If $A$ is a set, then a relation $\le$ on $A$ is a partial ordering if

WARNING: we are appropriating the familiar symbol "$\le$'' to mean something new. The usual orderings of $\N$, $\Z$, $\Q$, and $\R$ denoted by $\le$ are partial orderings, so this use is "backwards compatible,'' but there are many other partial orderings, as we will see.

Example 5.3.1 If $A=\N$ and $x\le y$ means $x|y$, then $\le$ is a partial ordering, so $\N$ has more than one "natural'' partial ordering defined on it. (Unless we say otherwise, we will continue to use $\le$ to denote the usual order for $\N$.)

Example 5.3.2 Suppose $S$ is a set and $A$ is the set of all functions $f\colon S\to \R$. Let $f\le g$ mean $f(x)\le g(x)$ for all $x\in S$; $\le$ is a partial ordering of $A$. Notice that we have used the symbol $\le$ in two different ways!

Example 5.3.3 Suppose $S$ is a set and $A={\cal P}(S)$ is the power set of $S$. Let $X\le Y$ mean $X\subseteq Y$; $\le$ is a partial ordering.

Definition 5.3.4 If $\le$ is a partial ordering on $A$, we say it is a total ordering if for all $x,y\in A$, either $x\le y$ or $y\le x$.

Example 5.3.5 The familiar partial orderings of $\N$, $\Z$, $\Q$, and $\R$ are total orderings. Those of examples 5.3.1, 5.3.2 and 5.3.3 are not.

Definition 5.3.6 If $\le$ is a partial ordering on $A$, and $S\subseteq A$, we say $x\in S$ is a least element of $S$ if $x\le y$ for all $y\in S$. We say $x\in S$ is a greatest element of $S$ if $y\le x$ for all $y\in S$.

Theorem 5.3.7 If $\le$ is a total ordering on $A$, then every non-empty finite subset $S$ of $A$ has a least element and a greatest element.

Proof.
We show there is a least element and leave the rest to an exercise. By induction. Let $P(n)$ be the statement "every subset of $A$ having $n$ elements has a least element.'' Clearly $P(1)$ is true. Suppose $P(n)$ is true. If $S$ has $n+1$ elements, let $S=S'\cup \{y\}$, for some $y\in S$ and $S'$ with $n$ elements (namely, $S'=S\backslash\{y\}$, or $S$ with $y$ removed). By induction, $S'$ has a least element, call it $x$. Since $\le$ is a total ordering, either $x\le y$ or $y\le x$. In the first case, $x$ is a least element of $S$. On the other hand, if $y\le x$ we claim that $y$ is a least element of $S$: If $z\in S$, then either $z=y$, or $z\in S'$ and $y\le x\le z$. In either case, $y\le z$, as desired.

$\square$

Definition 5.3.8 We say $\le$ is a well ordering of $A$ if every non-empty subset $S$ of $A$ has a least element.

Theorem 5.3.9 If $\le$ is a well ordering of $A$ then it is a total ordering.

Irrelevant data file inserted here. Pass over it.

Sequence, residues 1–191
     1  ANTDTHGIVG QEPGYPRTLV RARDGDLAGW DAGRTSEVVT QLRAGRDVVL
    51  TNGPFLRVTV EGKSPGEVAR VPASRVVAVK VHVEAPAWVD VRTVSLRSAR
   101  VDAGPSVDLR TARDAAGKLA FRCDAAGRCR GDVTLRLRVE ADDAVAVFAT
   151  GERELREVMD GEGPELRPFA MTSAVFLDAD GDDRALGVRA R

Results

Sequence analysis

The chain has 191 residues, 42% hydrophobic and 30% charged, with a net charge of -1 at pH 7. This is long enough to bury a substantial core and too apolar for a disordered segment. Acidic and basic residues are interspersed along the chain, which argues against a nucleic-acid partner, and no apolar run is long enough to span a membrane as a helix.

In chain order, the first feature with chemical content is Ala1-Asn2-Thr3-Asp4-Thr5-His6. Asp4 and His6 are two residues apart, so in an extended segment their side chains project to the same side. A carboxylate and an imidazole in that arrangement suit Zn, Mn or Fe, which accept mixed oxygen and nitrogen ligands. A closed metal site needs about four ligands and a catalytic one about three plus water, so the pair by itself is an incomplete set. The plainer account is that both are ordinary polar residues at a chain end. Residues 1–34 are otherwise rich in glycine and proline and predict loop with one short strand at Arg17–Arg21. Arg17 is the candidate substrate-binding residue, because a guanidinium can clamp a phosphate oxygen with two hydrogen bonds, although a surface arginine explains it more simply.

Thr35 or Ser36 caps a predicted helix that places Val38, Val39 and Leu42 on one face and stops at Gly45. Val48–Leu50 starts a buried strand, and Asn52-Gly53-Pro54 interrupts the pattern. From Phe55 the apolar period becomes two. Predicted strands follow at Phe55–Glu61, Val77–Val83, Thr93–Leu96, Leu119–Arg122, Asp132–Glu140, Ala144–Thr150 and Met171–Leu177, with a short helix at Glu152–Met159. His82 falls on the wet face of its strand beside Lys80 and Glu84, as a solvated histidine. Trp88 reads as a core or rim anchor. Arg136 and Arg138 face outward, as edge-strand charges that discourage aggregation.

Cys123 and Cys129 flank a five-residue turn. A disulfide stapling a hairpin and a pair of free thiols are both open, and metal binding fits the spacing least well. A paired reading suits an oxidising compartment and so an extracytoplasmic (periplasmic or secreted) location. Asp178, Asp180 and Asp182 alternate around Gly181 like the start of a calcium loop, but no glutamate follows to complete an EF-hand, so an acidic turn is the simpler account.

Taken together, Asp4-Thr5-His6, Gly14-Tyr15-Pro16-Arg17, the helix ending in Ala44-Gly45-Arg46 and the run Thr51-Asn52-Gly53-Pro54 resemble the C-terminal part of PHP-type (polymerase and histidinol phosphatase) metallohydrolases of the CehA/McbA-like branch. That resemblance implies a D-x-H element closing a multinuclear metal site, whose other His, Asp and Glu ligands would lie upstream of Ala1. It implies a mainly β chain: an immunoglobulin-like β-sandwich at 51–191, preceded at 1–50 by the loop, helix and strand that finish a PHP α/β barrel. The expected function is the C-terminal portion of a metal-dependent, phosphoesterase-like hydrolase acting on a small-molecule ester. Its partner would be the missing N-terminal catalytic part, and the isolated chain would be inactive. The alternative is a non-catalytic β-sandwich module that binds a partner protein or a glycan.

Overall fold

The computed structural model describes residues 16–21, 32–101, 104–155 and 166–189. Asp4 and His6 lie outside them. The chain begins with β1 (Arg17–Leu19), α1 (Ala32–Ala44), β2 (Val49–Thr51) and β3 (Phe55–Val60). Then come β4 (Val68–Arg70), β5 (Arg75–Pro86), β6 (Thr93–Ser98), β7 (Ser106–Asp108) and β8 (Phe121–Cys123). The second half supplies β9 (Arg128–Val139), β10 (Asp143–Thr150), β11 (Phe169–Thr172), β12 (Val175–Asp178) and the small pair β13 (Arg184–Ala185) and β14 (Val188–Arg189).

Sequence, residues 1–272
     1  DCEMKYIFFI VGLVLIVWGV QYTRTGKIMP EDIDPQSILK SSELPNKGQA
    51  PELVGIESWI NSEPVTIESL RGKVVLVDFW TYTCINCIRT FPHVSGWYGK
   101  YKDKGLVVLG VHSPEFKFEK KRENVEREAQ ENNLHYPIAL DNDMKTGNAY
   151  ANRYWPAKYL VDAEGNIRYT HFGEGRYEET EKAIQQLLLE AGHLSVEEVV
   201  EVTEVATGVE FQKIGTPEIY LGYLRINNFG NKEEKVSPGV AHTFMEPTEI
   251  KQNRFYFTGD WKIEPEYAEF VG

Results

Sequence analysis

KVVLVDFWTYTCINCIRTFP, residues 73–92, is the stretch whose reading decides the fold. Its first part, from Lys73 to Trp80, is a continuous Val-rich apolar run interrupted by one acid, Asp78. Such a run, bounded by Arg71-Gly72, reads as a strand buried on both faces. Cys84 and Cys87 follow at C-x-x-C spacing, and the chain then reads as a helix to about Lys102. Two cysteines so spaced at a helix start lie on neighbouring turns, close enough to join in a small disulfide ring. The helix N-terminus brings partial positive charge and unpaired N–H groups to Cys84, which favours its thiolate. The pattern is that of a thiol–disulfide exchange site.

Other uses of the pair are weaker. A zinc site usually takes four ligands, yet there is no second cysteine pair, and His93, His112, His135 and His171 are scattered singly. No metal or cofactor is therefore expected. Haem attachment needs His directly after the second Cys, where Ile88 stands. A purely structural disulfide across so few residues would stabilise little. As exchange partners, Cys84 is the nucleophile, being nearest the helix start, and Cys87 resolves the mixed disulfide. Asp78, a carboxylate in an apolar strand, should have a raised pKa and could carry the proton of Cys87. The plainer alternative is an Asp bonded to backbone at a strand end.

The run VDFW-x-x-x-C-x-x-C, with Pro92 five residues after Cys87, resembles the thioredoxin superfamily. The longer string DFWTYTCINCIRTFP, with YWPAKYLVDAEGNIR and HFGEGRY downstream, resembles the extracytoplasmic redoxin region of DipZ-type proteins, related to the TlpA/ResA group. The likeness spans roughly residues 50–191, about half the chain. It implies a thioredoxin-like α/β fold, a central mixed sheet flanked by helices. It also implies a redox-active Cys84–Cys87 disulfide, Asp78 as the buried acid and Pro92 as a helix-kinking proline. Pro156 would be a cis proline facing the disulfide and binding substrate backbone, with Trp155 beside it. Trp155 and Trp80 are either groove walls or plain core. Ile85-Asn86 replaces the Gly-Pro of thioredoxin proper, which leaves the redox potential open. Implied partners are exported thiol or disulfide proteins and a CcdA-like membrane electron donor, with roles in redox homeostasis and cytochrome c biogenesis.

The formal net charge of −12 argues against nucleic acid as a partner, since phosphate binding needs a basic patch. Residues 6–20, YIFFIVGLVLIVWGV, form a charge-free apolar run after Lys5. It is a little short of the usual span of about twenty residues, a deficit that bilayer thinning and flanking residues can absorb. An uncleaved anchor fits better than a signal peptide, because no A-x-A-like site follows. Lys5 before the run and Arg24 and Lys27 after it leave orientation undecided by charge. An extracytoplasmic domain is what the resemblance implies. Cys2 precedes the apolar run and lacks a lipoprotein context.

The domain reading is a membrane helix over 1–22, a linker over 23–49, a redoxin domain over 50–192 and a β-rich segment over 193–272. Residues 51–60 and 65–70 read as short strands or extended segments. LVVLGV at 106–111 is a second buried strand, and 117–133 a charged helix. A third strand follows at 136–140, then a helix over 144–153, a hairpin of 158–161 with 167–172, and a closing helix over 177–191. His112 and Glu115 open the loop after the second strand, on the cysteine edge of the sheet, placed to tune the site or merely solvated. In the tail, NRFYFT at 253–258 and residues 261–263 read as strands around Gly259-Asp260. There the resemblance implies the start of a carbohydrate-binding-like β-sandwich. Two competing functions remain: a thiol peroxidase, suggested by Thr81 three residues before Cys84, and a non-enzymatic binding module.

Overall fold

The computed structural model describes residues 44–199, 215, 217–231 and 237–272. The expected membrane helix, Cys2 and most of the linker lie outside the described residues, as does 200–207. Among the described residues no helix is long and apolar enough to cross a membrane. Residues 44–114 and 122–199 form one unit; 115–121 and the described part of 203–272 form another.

Proof.
Suppose $x,y\in A$. Let $S=\{x,y\}\ne \emptyset$. By hypothesis, $S$ has a smallest element. If it is $x$, then $x\le y$, and if it is $y$, then $y\le x$.

$\square$

Example 5.3.10 Since the partial orderings of examples 5.3.1, 5.3.2 and 5.3.3 are not total orderings, they are not well orderings. Since there is no smallest integer, rational number or real number, $\Z$, $\Q$ and $\R$ are not well ordered.

The following important fact is called the well ordering principle.

Theorem 5.3.11 The usual ordering of  $\N$ is a well ordering.

Proof.
Let $S$ be a non-empty subset of $\N$. Choose $n\in S$, and let $S_n=\{s\in S: s\le n\}$. $S_n$ is not empty, since it contains $n$, and has a finite number of elements, so by theorem 5.3.7 it has a least element $x$. Then $x$ is, in fact, a least element of $S$, since if $y\in S-S_n$, then $x\le n\le y$, so $x\le y$.

$\square$

If $\le$ is a partial ordering of $A$, then $x< y$ means $x\le y$ and $x\ne y$, $x\ge y$ means $y\le x$ and $x>y$ means $y< x$. These have some familiar properties, explored in the exercises.

Exercises 5.3

In the following exercises, assume $\le$ is a partial ordering of a set $A$.

Ex 5.3.1 Show that if $a< b$ then it is not true that $b\le a$.

Ex 5.3.2 Show that at most one of the three properties $a< b$, $a=b$, $b< a$ is true.

Ex 5.3.3 If $a< b$ and $b\le c$, show $a< c$.

Ex 5.3.4 If $a\le b$ and $b< c$, show $a< c$.

Ex 5.3.5 Suppose $S\subseteq A$ has a least element. Show that it is unique.

Ex 5.3.6 Show that $A$ is totally ordered if and only if every non-empty finite subset of $A$ has a least element.

Ex 5.3.7 If $A$ is totally ordered but not well ordered, prove there is a sequence of elements such that $a_1>a_2>a_3>\cdots$. (Hint: start with a non-empty subset that does not contain a least element.)

Ex 5.3.8 Suppose $A$ has the property that every non-empty countable subset has a least element. Show that $A$ is well ordered. (Hint: show first that $A$ is totally ordered, then use problem 7.)

Ex 5.3.9 Finish the proof of theorem 5.3.7.